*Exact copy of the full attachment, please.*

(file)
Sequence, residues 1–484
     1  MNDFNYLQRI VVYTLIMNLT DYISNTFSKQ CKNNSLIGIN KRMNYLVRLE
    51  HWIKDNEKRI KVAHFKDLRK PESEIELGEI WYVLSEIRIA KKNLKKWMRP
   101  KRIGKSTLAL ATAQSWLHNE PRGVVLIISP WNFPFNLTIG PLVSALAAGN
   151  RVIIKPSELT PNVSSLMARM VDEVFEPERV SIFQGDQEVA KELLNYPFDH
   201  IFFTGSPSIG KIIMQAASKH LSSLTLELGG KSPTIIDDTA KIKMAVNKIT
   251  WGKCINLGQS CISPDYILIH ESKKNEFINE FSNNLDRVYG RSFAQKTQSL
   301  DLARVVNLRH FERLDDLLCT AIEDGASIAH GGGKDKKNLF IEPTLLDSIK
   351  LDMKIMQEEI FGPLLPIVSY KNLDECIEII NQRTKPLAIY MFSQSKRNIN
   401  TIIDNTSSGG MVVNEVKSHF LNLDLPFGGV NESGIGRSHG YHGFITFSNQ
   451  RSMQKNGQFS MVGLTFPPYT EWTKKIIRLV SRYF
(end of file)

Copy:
Sequence, residues 1–484
     1  MNDFNYLQRI VVYTLIMNLT DYISNTFSKQ CKNNSLIGIN KRMNYLVRLE
    51  HWIKDNEKRI KVAHFKDLRK PESEIELGEI WYVLSEIRIA KKNLKKWMRP
   101  KRIGKSTLAL ATAQSWLHNE PRGVVLIISP WNFPFNLTIG PLVSALAAGN
   151  RVIIKPSELT PNVSSLMARM VDEVFEPERV SIFQGDQEVA KELLNYPFDH
   201  IFFTGSPSIG KIIMQAASKH LSSLTLELGG KSPTIIDDTA KIKMAVNKIT
   251  WGKCINLGQS CISPDYILIH ESKKNEFINE FSNNLDRVYG RSFAQKTQSL
   301  DLARVVNLRH FERLDDLLCT AIEDGASIAH GGGKDKKNLF IEPTLLDSIK
   351  LDMKIMQEEI FGPLLPIVSY KNLDECIEII NQRTKPLAIY MFSQSKRNIN
   401  TIIDNTSSGG MVVNEVKSHF LNLDLPFGGV NESGIGRSHG YHGFITFSNQ
   451  RSMQKNGQFS MVGLTFPPYT EWTKKIIRLV SRYF